Repeated shocks and preferences for redistribution
Fabio Sabatini and
MPRA Paper from University Library of Munich, Germany
Abstract A society that believes wealth to be determined by random “luck” rather than by merit, demands more redistribution. The theoretical literature shows that any increase in the volatility of income caused by unpredictable adverse shocks implies a higher support for redistribution. We present evidence of this behavior by exploiting a natural experiment provided by the L’Aquila earthquake in 2009, which hit a large area of Central Italy through a series of destructive shakes over eight days. Matching detailed information on the ground acceleration registered during each shock with survey data about individual opinions on redistribution we show that the average intensity of the shakes is associated with subsequent stronger beliefs that, for a society to be fair, income inequalities should be levelled by redistribution. The shocks, however, are not all alike. We find that only the last three shakes - occurred on the fourth and the eighth day of the earthquake - have a statistically significant impact. Overall, we find that the timing and repetition of the shock play a role in shaping redistributive preferences.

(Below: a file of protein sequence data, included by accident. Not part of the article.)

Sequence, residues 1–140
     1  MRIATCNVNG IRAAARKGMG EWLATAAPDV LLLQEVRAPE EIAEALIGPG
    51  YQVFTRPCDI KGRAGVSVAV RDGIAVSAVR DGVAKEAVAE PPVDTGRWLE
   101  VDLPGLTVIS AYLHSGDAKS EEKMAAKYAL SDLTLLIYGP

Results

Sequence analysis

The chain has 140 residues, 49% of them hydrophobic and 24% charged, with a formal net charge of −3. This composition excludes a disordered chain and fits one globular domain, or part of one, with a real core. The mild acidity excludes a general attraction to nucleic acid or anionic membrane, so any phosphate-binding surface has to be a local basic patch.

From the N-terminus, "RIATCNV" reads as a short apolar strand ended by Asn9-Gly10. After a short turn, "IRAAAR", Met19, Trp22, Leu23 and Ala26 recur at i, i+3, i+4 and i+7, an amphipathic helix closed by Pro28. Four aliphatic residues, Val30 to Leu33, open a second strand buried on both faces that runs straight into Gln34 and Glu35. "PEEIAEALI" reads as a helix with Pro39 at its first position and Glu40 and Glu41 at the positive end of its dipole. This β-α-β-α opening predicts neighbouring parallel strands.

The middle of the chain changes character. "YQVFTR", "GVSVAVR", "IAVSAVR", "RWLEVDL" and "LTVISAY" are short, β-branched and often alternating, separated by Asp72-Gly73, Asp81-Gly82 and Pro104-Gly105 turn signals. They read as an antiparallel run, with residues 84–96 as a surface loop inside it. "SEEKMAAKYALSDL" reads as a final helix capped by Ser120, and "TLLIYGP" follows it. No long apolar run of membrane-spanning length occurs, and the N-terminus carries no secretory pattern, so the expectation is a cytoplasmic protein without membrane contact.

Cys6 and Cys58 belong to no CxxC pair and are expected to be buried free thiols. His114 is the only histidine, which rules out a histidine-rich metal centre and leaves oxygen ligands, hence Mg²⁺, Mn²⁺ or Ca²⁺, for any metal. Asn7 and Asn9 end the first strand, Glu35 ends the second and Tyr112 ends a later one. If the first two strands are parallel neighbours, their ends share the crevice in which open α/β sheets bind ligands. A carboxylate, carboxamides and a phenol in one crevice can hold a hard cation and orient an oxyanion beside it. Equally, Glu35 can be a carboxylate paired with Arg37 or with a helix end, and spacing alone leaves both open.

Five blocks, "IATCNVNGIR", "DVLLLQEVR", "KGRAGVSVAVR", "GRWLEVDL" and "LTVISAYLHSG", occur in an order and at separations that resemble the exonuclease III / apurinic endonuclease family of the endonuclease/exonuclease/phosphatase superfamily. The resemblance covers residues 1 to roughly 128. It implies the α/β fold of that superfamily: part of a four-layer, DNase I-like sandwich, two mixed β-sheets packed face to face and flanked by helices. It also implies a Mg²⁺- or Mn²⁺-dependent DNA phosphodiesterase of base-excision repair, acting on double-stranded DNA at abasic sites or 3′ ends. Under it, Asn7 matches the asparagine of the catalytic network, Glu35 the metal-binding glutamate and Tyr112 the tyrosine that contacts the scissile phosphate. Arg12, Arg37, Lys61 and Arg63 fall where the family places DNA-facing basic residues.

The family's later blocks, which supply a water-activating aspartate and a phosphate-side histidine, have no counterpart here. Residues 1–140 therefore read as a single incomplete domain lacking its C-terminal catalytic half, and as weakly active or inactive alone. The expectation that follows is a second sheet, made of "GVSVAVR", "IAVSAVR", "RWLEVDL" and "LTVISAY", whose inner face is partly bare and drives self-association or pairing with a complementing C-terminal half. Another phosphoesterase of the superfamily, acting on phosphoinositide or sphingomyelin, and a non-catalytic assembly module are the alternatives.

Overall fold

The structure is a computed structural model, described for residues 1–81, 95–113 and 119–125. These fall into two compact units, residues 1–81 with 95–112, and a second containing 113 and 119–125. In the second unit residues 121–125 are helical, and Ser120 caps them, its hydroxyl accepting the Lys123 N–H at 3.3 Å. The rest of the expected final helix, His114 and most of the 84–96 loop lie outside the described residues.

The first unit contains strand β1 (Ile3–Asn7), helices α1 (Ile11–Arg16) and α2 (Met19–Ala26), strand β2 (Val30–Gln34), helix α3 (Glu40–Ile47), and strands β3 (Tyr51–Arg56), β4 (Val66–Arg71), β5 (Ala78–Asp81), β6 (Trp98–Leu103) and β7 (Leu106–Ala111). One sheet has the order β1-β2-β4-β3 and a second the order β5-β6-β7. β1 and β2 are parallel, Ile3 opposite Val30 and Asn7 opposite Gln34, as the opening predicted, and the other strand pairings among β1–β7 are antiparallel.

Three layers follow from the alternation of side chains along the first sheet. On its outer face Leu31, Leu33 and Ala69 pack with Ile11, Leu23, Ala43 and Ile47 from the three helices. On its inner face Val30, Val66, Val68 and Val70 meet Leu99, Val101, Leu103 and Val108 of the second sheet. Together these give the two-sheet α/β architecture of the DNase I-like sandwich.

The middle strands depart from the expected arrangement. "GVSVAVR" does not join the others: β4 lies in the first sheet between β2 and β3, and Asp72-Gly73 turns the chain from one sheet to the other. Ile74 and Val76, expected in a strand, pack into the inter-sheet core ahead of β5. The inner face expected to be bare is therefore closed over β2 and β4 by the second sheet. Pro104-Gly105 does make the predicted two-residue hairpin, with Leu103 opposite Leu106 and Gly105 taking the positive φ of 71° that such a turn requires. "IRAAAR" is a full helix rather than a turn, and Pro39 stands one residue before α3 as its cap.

Keywords: redistribution; inequality; natural disasters; earthquakes; multiple shocks (search for similar items in EconPapers)
JEL-codes: D63 D69 H10 H53 Z10 (search for similar items in EconPapers)
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Working Paper: Repeated Shocks and Preferences for Redistribution (2019)
Working Paper: Repeated shocks and preferences for redistribution (2018)
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Persistent link: https://EconPapers.repec.org/RePEc:pra:mprapa:91477
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